Scahill On Zakaria: 'If He Could Have Sex With This Cruise Missile Attack, I Think He Would Do It'

On C&L and many other places, the mainstream media has been roundly criticized for waxing poetic over Trump's ordering of a very limited missile strike on a Syrian airfield after seeing images that disturbed him.

The air strike did not even disable the air field that was targeted, but facts like that don't seem to matter at all to the news networks.

On CNN's Reliable Sources this morning, host Brian Stelter had on Lara Setrakian and Jeremy Scahill to discuss how the media and their editorial boards use war images from Syria, like the ones that supposedly influenced Trump to authorize the strike.

Setrakian was very critical of the overall news coverage of the conflict in Syria, saying there "is no coverage until there is a momentarily obsession, whether chemical weapons - or something we think speaks to an American news appetite."

She also questioned all the facts of the chemical attacks by saying they hadn't been confirmed yet and questioned the images the media had shown since they came from activists and the U.S. military.

Stelter then turned to Scahill, "What is your view of the coverage?

Scahill reminded everyone that the US and Trump has been involved in the Syrian conflict and he's upped the destruction of Yemen.

And then he set his sights on the fawning and ludicrous coverage of the air strikes by the media and the military analysts that cable news hires.

Scahill said, "CNN needs to immediately withdraw all retired generals and colonels from its airwaves. You know, Fareed Zakaria, if that guy could have sex with this cruise missile attack, I think he would do it."

"Brian Williams seemed to just be in true love with the cruise missile strike in a despicable way, invoking Leonard Cohen's name." he added.

"The media coverage has been atrocious particularly and this is across the board on every network, particularly when the strike is happening. It's like they are in awe of the cruise missiles..."

Stelter tried to defend his colleague Zakaria by saying the rest of his statement was critical of Trump, but Fareed lauded Trump again today.


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Scahill also called for more transparency from these former generals and ex-military men, who populate our airwaves either directly before, during or after a military action has taken place, since many have financial ties to sectors profiting off of these strikes.

This is a point which I've made too many times to count over the years.

In 2008, Howard Kurtz hosted an excellent segment on the NY Times blockbuster story "Behind TV Analysts, Pentagon’s Hidden Hand," which reported:

To the public, these men are members of a familiar fraternity, presented tens of thousands of times on television and radio as “military analysts” whose long service has equipped them to give authoritative and unfettered judgments about the most pressing issues of the post-Sept. 11 world.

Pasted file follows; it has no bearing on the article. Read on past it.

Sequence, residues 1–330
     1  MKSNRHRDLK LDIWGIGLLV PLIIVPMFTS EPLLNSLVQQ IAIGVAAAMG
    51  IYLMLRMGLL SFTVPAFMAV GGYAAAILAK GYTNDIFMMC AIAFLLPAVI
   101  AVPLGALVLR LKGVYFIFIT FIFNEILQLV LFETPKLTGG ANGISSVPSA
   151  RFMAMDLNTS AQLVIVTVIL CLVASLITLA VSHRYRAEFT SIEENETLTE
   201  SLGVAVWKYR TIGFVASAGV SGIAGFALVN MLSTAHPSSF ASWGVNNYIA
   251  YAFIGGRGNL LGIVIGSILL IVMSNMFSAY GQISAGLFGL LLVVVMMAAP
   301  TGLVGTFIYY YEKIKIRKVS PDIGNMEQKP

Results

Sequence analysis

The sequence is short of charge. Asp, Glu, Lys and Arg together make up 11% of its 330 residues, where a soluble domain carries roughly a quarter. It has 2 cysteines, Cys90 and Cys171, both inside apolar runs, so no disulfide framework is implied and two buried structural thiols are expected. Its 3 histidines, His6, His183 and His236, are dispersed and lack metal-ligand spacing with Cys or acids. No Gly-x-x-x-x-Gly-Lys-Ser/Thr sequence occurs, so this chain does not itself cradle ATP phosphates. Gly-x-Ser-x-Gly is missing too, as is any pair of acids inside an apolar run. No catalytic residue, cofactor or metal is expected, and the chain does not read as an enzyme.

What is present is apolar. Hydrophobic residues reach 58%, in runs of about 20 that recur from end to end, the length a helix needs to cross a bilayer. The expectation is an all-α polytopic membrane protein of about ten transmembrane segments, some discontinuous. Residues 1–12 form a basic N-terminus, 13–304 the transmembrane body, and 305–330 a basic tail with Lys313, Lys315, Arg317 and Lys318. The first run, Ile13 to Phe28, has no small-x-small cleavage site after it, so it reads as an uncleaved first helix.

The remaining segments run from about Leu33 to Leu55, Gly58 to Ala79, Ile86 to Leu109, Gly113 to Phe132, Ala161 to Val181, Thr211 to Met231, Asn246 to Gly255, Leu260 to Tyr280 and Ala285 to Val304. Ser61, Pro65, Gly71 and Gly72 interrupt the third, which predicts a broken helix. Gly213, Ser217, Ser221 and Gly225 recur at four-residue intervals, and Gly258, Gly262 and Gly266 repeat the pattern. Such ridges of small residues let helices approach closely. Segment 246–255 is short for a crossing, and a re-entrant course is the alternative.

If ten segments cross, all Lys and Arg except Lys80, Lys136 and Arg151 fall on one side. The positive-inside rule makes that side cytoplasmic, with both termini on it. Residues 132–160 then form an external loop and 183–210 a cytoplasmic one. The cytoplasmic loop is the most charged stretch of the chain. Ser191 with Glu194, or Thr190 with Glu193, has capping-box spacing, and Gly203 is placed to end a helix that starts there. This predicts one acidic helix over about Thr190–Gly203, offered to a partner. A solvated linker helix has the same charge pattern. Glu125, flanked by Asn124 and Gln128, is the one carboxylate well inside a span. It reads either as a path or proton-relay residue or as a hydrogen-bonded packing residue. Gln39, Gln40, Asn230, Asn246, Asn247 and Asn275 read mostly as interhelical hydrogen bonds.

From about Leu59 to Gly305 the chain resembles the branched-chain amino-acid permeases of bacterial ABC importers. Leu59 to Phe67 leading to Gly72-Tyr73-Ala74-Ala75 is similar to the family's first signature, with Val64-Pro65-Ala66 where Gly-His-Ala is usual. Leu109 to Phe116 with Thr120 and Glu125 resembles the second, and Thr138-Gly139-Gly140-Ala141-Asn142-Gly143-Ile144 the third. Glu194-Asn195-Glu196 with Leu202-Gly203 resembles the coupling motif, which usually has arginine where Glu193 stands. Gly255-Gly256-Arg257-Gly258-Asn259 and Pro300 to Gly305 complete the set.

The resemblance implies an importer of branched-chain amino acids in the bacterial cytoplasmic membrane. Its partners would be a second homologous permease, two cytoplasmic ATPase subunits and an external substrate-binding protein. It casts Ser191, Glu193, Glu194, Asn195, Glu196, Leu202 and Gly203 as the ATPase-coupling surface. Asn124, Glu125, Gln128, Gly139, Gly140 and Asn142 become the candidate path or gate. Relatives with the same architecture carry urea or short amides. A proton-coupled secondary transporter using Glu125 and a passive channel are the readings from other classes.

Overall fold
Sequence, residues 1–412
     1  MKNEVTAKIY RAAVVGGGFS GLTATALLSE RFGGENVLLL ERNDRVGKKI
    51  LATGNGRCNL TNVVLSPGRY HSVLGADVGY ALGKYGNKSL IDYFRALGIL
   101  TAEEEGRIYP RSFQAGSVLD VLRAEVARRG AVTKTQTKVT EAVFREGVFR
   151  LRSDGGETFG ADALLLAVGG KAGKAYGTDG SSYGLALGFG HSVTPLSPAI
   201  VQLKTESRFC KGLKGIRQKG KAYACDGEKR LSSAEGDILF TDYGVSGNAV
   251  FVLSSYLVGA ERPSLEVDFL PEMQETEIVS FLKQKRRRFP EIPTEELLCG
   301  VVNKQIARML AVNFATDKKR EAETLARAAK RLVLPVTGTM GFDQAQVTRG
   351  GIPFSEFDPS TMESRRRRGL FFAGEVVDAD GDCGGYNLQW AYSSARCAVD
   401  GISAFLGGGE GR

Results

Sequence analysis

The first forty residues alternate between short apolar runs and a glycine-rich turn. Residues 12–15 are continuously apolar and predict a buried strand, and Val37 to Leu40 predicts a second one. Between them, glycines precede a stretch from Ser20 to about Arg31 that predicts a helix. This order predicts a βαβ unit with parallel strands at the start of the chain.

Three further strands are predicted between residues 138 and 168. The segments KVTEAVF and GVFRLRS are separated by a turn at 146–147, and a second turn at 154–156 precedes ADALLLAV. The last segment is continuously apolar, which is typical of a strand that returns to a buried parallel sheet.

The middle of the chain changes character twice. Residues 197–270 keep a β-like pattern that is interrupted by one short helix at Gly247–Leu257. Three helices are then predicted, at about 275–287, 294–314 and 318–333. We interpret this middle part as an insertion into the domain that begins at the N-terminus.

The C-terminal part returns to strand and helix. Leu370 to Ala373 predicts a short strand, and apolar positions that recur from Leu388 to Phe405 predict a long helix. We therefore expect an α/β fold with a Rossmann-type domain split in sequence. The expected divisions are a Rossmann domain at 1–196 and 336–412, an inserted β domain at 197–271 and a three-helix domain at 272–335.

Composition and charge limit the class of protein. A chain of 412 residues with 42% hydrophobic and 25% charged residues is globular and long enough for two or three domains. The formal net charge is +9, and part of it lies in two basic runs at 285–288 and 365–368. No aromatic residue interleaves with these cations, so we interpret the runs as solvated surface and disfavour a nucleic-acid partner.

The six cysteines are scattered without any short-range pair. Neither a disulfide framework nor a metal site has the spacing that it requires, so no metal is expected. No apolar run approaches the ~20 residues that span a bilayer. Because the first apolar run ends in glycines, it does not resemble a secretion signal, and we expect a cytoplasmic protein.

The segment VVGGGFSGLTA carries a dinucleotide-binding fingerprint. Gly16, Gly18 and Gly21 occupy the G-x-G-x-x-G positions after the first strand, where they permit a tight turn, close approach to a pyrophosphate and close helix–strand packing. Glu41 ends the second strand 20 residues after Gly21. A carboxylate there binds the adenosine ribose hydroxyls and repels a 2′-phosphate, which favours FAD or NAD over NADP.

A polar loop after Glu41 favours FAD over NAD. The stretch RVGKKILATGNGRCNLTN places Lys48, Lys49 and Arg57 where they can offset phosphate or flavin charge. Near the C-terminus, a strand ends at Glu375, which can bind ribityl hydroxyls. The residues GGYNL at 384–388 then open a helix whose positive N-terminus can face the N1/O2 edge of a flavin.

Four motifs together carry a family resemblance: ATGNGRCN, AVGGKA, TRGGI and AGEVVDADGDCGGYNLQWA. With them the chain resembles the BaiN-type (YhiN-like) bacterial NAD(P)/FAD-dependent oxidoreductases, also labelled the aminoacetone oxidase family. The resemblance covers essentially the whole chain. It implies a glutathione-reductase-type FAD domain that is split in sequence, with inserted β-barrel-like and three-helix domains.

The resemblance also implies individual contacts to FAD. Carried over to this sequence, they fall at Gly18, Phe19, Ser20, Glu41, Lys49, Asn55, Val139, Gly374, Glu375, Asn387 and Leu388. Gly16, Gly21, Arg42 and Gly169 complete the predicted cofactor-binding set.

Hidden behind that appearance of objectivity, though, is a Pentagon information apparatus that has used those analysts in a campaign to generate favorable news coverage of the administration’s wartime performance, an examination by The New York Times has found.

ALLARD: Look back at the election of 2004, what was not discussed. Things like manpower, things like, was the war a good idea? Should we continue to fight? If so, for how long?

Things which we're talking about now were not even talked about back then. We couldn't even get on -- we couldn't get on, on a bet (ph).

KURTZ: I talked to retired Colonel Bill Cowan, who was a Fox military analyst. He said that three years ago, after he criticized the war effort on "The O'Reilly Factor," he was booted off the group, was never invited to another briefing, never got another telephone call, never got another e-mail.

Here's the full transcript of the Kurtz video.

It is a must-see video and debate at this time.

And as Margaret Sullivan rightly states in her Washington Post article, "The media loved Trump’s show of military might. Are we really doing this again?

Apparently. we are.

Read it all because it's a great piece and she wraps it up with this:

Missile strikes may seem thrilling, and retaliation righteous. But journalists and commentators ought to remember the duller virtues, too, like skepticism, depth and context. And keep their eyes fixed firmly there, not on the spectacular images in the sky.

As the Syria air strike commenced, the media has been acting like a dry drunk, whose life had been destroyed by alcoholism before, but after viewing the majestic smokey plumes trailing the Tomahawks, picks up that bottle again and is immediately consumed by it as if they never stopped drinking at all.

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